Auto Racing

Darrick Knutsen has passion for family, racing

That's why Urbana 5 Memorial race means so much to Cedar Rapids driver

Sunday night’s Urbana 5 Memorial races at Benton County Speedway combined two of Darrick Knutsen’s passions — racing and family.

That’s why the Cedar Rapids driver/mechanic donates two children’s bicycles to the event each year.

“It’s always a fun event and it’s for the kids,” Knutsen said outside his auto repair shop in southwest Cedar Rapids on Saturday. “That’s what the main thing is, is the kids.”

The Urbana 5 Memorial celebrates the lives of five young people killed in an automobile accident near Urbana in April 2015 — Quentin Ary, Nicole Jacobsen, Hunter Tuttle and Zoey Tuttle of Vinton, and Triston Randall of Urbana.

“We need to keep that memory alive,” said Mick Trier, promoter at the Vinton racetrack. “This is really heartfelt ... It’s a community deal ... it’s a big event.”

Knutsen is so passionate about the family aspect of racing he quit competing at Independence Motor Speedway this summer after the track implemented a rule, he said, keeping children out of the pits.

“The sport is not going to grow if we don’t involve the kids,” said the 45-year-old father of two teenage girls.

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The sport is his other passion. He and identical twin brother, Erick, have been involved in racing since they graduated from Griswold High School more than 25 years ago. Erick was the driver, Darrick “turned the wrenches for him.”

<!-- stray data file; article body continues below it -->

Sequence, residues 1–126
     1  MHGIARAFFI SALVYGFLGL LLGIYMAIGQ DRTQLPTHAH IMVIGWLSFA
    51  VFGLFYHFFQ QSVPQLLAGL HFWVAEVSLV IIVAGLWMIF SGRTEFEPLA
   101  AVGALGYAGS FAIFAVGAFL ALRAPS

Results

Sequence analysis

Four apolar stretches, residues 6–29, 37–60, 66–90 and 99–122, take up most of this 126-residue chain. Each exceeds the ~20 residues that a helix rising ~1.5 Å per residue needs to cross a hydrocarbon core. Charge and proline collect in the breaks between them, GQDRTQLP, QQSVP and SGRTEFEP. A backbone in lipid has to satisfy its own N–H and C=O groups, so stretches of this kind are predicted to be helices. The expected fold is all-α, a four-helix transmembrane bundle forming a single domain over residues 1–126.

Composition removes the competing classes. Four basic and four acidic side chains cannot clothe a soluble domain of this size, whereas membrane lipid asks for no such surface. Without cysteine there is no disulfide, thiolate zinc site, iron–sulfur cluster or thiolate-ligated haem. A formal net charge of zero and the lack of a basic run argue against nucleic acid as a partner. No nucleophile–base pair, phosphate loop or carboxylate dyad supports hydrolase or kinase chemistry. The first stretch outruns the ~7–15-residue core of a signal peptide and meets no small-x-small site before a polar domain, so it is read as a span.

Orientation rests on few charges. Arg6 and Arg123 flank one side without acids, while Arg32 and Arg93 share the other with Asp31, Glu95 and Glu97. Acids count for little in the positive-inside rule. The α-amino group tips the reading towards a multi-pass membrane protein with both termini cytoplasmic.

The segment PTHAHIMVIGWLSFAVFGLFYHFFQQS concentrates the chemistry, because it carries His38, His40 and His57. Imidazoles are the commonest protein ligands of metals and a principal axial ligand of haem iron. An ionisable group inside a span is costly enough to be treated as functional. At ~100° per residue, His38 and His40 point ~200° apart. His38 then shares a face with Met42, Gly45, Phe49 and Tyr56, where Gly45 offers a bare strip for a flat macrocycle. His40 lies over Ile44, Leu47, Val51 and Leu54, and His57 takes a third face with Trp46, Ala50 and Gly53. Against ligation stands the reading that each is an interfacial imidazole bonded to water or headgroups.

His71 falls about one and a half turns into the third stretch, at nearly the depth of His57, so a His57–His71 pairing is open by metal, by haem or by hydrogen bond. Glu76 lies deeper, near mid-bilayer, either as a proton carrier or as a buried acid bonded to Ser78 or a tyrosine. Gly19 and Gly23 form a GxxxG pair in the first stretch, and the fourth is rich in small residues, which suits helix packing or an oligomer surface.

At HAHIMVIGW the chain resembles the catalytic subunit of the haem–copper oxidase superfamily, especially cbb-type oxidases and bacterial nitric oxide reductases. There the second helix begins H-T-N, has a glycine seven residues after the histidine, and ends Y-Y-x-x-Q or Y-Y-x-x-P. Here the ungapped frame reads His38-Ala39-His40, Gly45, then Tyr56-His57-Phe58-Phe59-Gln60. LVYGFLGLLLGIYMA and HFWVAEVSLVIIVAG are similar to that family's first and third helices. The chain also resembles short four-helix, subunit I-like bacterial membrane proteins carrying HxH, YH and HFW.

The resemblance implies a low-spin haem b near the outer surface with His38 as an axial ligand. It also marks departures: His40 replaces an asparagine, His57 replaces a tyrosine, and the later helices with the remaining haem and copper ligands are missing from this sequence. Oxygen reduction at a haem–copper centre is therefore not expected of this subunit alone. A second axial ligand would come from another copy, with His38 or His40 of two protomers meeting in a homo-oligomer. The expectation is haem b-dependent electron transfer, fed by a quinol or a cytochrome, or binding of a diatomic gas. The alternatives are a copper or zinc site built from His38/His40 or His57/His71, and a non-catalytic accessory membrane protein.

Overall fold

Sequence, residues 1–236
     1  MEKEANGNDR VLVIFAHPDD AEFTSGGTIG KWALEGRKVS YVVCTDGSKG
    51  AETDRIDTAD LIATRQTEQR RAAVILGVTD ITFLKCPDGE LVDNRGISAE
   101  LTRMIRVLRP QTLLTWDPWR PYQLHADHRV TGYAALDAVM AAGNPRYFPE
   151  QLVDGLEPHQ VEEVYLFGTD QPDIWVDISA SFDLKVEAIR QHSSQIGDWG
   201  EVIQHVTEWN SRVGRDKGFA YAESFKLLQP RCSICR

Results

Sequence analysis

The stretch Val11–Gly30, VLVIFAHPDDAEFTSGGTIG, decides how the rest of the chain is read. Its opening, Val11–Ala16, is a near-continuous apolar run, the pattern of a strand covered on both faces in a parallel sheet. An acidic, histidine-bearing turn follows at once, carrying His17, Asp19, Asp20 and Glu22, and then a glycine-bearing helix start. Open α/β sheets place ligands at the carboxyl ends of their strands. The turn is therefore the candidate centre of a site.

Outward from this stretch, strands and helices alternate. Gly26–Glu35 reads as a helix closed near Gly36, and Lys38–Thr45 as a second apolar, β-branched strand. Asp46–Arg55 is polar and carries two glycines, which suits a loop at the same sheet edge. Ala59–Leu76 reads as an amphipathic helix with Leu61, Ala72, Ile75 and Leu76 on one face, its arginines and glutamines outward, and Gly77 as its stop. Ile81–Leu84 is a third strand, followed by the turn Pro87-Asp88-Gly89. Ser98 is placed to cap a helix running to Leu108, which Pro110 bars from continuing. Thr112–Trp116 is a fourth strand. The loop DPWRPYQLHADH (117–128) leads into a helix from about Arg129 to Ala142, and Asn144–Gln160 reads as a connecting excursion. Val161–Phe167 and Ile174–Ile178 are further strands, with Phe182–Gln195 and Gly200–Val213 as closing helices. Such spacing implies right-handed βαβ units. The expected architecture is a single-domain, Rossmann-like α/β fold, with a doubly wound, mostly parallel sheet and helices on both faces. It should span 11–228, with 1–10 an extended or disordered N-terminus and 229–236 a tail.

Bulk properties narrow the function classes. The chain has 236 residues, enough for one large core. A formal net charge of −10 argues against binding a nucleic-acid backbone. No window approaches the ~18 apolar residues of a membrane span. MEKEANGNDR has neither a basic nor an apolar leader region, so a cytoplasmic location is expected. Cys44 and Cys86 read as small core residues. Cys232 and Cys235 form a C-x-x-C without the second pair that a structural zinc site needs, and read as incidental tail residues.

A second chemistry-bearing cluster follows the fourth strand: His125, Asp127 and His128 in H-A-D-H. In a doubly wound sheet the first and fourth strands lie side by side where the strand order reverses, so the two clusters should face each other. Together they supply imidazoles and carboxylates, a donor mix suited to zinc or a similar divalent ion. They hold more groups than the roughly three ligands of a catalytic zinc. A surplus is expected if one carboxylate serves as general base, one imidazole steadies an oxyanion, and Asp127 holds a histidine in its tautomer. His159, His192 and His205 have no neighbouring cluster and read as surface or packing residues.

But a few years ago, Erick wanted out. Racing the “big cars” was too expensive and took too much time away from work and family.

“I’d never driven,” Darrick said.

But Don Erger, a MicroMod regular at Benton County Speedway, asked him one night if he’d like to drive one of his cars.

“It took me about three weeks and I won my first feature in his car,” Knutsen said.

He ended up buying that car and has added three more to his fleet since. One is for brother Erick — identical to Darrick’s, of course — the other two for anyone wanting to give it a go.

“I give people the opportunity like Donnie gave me ... to see what it’s like and to get the feel of it,” he said. “We’ve got to grow the class, grow the sport.”

There’s nothing quite like racing a car around a track, Knutsen said.

“If I could get all the people who are on drugs in a racecar, I guarantee you they’d quit the drugs,” he said. “When you go into a corner, you can’t even move off your seat. You can’t move your head.

“What a rush.”

While the Knutsen twins weren’t running in Sunday night’s main events — the IMCA SportMods and Modifieds both paid $1,000 to win — Darrick loves the simplicity and cost of the MicroMod division.

“We did the big cars for 20 years,” he said. “I’m not going to lie. We could have bought $200,000 to $300,000 houses and paid them off already” with the money they spent.

“What does that tell you?”

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He works on the MicroMods a few hours before Sunday’s races, “nut and bolt ’em and put them back in the trailer and go racing.

“I don’t have to work on them all week long like I did the big cars.”

That’s a good thing. Knutsen has a full-time job that keeps him busy and, often, out of town. And he has his own repair shop.

“Many weeks, it feels like I work 100 hours,” he said with a laugh.

And, of course, there is family. Those two young daughters are very important to him.

“My youngest would love to get behind the wheel,” he said. “Maybe someday.”

They obviously share their father’s passion.

“It’s a hobby,” he said. “I do it for the fun of it.”

l Comments: (319) 368-8696; jr.ogden@thegazette.com

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